Helping promote leader “ship” at Gum Springs Elementary School are Principal Alisa Hanley, not pictured, and the “7 Habits team including teachers, front row: Tracy Kofke (2nd), Jennifer Wade (2nd), Angie Konarski (5th), LaShea Branton (3rd); back Row: Amy Myers (3rd), Christie Matovina (1st), Katee Gebo (art), Donna Wilson (1st), Darla Paiter (SPED), Carol Smitherman (Pre-K), Alice Lyle (Pre-K) and Jennifer Simmons (Kindergarten).
By FARAH BOHANNON
Gum Springs Elementary students and teachers will be embarking on a new learning adventure this year.
It is an adventure that can be used both academically and personally, and it is something that students can hold onto into adulthood. The school has a nautical theme planned and will set sail on the GSES leader ”ship” where both students and teachers will apply the seven habits of leadership to their lives.
Principal Alisa Hanley says they will work on good habits and leadership skills while striving for academic excellence.
Hanley and a group of teachers that make up the “7 Habits” team members collaborated over the summer after reading “The Leader In Me” by Steven Covey to come up with the best possible school-wide curriculum that promotes leadership and its seven habits — be proactive, begin with the end in mind, put first things first, think win-win, seek first to understand, then to be understood, synergize and sharpen the saw.
A grant was written, and GSES received books to go along with the leadership theme as well as with the curriculum they created. The teachers on this team thought long and hard about how to help students from pre-kindergarten to fifth grade learn the seven habits to where they would understand it according to their ages and be able to apply them to their lives.
“The group of teachers that met over the summer to create our leadership curriculum became really passionate about this,” said first grade teacher Donna Wilson. “It was great to see so many of us spending our free time perfecting this curriculum. Our seven habits team is also a great representation of the entire school.”
Wilson also believes that this curriculum will showcase each student’s unique abilities. Academics are certainly important, but each child does not have to compete to be the best mathematician or reader. Teachers will discover the student’s passions and interests and use those to help them succeed in different ways. If a child realizes he or she has a unique talent that the teachers see as important, it offers an incredible incentive to never give up and put 100% into school.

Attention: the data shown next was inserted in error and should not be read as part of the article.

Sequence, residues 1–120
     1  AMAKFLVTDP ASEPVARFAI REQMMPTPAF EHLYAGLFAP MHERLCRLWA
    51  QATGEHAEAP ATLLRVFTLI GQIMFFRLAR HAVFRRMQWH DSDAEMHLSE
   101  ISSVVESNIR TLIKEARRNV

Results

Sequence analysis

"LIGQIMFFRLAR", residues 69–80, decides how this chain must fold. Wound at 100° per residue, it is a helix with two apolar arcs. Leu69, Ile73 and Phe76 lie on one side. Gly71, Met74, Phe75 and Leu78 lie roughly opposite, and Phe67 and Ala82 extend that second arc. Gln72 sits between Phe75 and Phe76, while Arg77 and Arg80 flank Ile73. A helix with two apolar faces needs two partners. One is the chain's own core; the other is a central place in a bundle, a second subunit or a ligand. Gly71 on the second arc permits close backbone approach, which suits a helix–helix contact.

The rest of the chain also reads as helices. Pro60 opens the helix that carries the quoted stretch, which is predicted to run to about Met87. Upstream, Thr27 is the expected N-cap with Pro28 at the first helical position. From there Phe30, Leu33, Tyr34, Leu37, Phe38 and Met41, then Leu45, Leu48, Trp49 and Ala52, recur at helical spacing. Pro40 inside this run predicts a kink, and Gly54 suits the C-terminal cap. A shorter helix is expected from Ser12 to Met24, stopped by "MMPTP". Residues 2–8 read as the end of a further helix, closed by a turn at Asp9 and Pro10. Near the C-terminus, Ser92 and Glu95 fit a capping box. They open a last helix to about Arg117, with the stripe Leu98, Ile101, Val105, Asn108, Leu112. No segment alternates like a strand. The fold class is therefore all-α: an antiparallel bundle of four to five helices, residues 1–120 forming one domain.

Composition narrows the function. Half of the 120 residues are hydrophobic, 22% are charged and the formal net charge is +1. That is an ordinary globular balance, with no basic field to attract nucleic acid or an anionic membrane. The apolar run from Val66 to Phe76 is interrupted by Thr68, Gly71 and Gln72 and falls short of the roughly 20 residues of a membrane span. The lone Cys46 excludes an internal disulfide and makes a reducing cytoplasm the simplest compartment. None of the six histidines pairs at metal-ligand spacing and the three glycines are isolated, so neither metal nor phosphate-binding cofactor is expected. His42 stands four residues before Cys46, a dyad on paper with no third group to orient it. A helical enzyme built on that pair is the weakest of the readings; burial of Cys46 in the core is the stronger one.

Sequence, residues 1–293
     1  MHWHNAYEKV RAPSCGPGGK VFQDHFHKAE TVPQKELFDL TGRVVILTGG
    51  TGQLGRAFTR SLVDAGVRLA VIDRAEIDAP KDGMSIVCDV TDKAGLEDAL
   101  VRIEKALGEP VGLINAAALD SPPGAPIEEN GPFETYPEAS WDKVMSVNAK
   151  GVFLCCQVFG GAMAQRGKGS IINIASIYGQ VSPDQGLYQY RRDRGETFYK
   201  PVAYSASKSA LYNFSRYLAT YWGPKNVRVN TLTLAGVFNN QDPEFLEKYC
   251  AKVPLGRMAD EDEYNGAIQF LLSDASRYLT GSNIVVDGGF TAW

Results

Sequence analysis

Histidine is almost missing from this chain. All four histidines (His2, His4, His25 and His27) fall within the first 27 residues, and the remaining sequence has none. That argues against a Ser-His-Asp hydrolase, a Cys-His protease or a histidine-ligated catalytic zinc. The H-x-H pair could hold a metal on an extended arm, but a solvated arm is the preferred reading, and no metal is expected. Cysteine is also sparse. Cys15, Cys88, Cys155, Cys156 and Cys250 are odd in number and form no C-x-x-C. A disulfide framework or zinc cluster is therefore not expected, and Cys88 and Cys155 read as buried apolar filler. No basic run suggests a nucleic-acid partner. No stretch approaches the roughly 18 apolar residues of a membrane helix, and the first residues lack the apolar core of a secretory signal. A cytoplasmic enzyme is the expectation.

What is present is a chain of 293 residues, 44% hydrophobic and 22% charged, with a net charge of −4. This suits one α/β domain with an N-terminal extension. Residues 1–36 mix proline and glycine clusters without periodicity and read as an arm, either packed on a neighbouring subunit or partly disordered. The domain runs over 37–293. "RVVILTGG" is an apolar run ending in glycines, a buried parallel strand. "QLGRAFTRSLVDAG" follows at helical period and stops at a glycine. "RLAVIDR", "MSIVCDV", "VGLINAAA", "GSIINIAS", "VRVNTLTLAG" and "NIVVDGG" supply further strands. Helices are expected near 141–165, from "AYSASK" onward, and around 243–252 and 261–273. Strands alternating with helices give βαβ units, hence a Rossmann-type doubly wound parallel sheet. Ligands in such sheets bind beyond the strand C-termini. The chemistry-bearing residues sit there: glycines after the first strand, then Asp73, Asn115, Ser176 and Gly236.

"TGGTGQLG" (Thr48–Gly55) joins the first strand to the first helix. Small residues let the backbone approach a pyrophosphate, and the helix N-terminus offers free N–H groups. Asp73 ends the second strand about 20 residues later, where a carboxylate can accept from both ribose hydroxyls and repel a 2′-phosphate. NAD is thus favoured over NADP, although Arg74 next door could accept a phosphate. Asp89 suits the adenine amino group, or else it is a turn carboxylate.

GSES students will study one leadership habit each month of the school year, but they will all build on one another and hopefully be used outside of school as well. Teachers quote the habits throughout the school day and use them while teaching and when settling disputes or arguments between students.
“The seven habits of leadership curriculum will be executed at school, but it can certainly be used at home as well,” said fifth grade teacher Angie Konarski. “I think we as teachers are learning from it, too.”
Third grade teacher LaShea Branton is a mother to two children and says she finds herself using the seven habits of leadership at home as well as at school.
“I believe that the parents of the children we teach can apply the seven habits to their lives as well,” said Branton. “I know this is true because I find myself stating the seven habits at home as a parent, not only when I’m teaching at school.”
GSES students have their own agendas where they write homework assignments, test dates, project dates, and the like, but Hanley says there are also areas where they can add personal goals or anything that will inspire them to do their best. The planners are colorful, cheerful and full of inspiration.
“The seven habits of leadership are embedded into the student planners,” said Hanley. “Every page mentions something about one of the habits so the kids can always remember to apply it to their lives.”
Konarski says the planners filled with leadership inspiration will help students gain important life skills.
“We as adults use planners,” said Konarski. “I think that using a planner teaches good life skills because it helps with planning ahead and time management. As a functioning member of society, it’s important that we know how to figure out what to do next instead of constantly being told what to do. We want to teach our students to be independent and confident. These skills are also important when it comes to working in groups.”
GSES students will participate in several group projects throughout the year to learn how to work closely with others. Teachers will facilitate and ensure the children use the seven habits to achieve success with fellow group members as well as academically. The ability to work in groups and adapt to different personalities is a trait that is important to carry throughout adulthood. GSES teachers believe that introducing this at a young age is beneficial.
“Our kids will learn to agree to disagree,” said Hanley. “It happens every time a group works together, and it is not always easy.” This happens between adults frequently, so learning how to synergize as children will make things somewhat easier once said children become adults in the working world.
GSES Principal Alisa Hanley, the teachers and the students have embarked the Leader”ship”, have set sail and are ready — both teachers and students — to become successful leaders in Jackson County and beyond.
7 Habits from ‘The Leader in Me’
Begin with the end in mind
Put first things first
Seek first to understand, then to be understood
Sharpen the saw